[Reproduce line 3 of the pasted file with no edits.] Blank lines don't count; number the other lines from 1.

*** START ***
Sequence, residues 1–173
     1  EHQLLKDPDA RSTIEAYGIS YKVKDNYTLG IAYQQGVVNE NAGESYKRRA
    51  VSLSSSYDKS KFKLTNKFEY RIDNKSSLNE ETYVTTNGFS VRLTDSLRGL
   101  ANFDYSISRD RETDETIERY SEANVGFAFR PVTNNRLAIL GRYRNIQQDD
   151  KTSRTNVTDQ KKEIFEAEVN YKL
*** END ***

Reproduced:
    51  VSLSSSYDKS KFKLTNKFEY RIDNKSSLNE ETYVTTNGFS VRLTDSLRGL